Hamilton has also listed events outside F1 (see his second Silverstone answer above) as a reason not to focus on it, while Wolff has mentioned the more practical complexities of meeting up under social distancing rules.

But throughout it has always seemed like a formality waiting to happen -- a case of dotting the i's and crossing the t's. So has that really changed in recent weeks?

Only Hamilton knows the answer for certain, but from the outside there would be no reason for a change of heart.

Mercedes secured its seventh constructors' championship at Imola on Sunday and Hamilton will almost certainly secure his seventh drivers' title at one of the coming races. If he stays for another season in 2021, he will have the best possible opportunity to add an eighth championship, meaning he would surpass Michael Schumacher's record and stand alone as the driver with the most titles.

Wolff, who is both Hamilton's negotiating partner in his contract talks and a close friend, believes Sunday's comments were born from the unique stresses of coming to the end of the 2020 F1 season.

"I think it's the moment and the emotions, we are all happy but very tired also," he said.

"It's the same for me. I completely relate with his feeling, that you question yourself and you think about all the other things that matter when you switch on the news in the morning and you switch it off in the evening it is all about the struggles that we all face.

"We are here in our little happy place and we are trying to bring some entertainment into households, but then you are back in the more difficult reality the next day. All of that is something that affects us and, in that respect, it's normal for someone who is apathetic to have these feelings."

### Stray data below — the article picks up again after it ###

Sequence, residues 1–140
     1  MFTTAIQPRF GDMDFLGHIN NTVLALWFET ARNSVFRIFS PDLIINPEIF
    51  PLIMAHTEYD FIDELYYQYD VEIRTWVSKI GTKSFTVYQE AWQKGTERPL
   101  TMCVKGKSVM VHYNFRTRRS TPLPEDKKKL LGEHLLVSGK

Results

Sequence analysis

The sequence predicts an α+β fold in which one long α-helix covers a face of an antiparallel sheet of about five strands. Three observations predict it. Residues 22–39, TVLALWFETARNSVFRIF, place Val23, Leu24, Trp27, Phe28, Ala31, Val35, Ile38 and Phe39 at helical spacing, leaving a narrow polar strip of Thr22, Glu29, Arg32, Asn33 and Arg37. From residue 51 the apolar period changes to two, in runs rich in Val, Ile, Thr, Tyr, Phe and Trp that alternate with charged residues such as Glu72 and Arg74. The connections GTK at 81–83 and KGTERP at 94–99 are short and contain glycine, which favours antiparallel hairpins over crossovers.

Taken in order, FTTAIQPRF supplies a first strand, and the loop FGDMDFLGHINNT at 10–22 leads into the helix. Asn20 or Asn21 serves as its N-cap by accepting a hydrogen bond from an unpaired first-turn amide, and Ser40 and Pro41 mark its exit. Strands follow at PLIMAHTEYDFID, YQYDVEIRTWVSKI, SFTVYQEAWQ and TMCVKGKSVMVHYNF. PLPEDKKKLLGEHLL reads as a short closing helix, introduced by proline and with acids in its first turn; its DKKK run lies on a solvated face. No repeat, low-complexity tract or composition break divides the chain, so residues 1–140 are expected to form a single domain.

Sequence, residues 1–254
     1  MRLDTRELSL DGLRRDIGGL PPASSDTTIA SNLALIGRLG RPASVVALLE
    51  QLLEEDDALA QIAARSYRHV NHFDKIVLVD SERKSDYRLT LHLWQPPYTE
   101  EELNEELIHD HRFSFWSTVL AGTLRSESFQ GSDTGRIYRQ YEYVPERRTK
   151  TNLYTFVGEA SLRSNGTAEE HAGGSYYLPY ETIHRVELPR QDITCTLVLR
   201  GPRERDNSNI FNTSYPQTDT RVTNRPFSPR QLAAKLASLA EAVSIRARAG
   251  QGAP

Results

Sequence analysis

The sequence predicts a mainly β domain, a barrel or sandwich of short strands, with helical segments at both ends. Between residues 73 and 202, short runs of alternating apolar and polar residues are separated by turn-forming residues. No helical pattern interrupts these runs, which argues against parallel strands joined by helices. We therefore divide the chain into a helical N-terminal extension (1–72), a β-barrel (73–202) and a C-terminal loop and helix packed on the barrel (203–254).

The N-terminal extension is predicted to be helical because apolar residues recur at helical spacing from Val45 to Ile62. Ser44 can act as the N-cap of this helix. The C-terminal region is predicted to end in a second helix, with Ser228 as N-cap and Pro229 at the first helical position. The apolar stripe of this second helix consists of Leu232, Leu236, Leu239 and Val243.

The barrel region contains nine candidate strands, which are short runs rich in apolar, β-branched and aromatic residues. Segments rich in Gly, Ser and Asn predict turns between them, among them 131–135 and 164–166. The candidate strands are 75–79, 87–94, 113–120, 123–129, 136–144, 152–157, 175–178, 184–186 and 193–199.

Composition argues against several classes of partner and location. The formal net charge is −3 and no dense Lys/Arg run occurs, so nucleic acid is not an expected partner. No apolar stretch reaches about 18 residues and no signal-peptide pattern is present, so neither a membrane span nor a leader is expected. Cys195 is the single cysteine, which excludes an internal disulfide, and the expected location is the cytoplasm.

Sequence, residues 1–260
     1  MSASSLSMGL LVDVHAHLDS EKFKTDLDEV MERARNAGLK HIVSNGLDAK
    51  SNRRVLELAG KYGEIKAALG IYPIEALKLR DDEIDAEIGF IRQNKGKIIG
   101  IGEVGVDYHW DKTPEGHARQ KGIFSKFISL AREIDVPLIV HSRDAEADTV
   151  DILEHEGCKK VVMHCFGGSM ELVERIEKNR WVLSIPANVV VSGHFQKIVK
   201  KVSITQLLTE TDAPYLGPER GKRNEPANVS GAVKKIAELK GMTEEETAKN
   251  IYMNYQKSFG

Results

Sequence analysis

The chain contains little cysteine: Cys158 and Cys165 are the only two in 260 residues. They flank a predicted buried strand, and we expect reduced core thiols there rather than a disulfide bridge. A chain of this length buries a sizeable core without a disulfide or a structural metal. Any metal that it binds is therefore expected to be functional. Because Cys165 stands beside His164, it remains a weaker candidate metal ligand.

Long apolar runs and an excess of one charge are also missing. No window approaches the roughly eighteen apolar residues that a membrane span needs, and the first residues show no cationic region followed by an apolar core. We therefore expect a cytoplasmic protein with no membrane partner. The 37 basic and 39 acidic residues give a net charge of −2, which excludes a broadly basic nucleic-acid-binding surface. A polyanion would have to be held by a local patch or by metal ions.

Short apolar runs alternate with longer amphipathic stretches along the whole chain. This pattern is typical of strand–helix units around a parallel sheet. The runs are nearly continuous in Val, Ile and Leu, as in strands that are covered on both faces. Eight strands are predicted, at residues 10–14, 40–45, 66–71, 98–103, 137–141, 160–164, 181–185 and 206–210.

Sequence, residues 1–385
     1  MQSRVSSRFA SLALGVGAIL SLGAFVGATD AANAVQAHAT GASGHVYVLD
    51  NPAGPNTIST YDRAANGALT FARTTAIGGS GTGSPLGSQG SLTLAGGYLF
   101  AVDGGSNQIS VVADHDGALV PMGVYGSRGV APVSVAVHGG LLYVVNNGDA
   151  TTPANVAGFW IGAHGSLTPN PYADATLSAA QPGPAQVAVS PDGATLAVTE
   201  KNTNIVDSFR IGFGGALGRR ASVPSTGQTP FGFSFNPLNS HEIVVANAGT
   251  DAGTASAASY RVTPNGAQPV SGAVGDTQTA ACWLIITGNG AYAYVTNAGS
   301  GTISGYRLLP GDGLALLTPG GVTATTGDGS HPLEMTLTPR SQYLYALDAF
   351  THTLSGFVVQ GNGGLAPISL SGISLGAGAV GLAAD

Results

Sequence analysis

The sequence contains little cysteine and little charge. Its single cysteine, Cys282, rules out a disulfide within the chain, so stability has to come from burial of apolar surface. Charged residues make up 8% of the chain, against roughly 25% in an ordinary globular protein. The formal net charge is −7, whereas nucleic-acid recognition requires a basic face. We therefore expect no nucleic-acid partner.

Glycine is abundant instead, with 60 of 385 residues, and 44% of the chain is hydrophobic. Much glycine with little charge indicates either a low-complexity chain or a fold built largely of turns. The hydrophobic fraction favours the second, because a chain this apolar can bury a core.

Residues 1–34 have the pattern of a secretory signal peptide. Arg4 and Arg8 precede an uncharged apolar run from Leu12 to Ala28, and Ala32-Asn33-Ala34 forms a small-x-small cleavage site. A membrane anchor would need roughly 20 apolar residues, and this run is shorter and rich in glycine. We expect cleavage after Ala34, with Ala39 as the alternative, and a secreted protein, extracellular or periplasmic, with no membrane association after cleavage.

Does Hamilton have other options?

Red Bull still has a seat open for 2021, but there is zero logic in Hamilton leaving Mercedes to join Max Verstappen next year.

It's unthinkable that Hamilton would go to another team before the major regulation change in 2022 at the earliest, and he has been careful to rule that out ever since rumours of a switch to Ferrari surfaced towards the end of last year.

Equally, there is no one Mercedes would want to take over for Hamilton, and all the other top drivers are under contract for 2021 anyway.

For Hamilton, it appears to be a simple choice between staying with Mercedes in 2021 or leaving the sport.

The lack of options for both sides also means there is no urgency to put pen to paper. Hamilton could end this season in Abu Dhabi without a contract and still have a place on the grid in the best car open to him for 2021.

That kind of trust between the two allows Hamilton time to think and negotiate the terms he wants, right down to the smallest detail. Why commit to extra media commitments, for example, when you have the negotiating power to spend your time focusing on things you consider more important?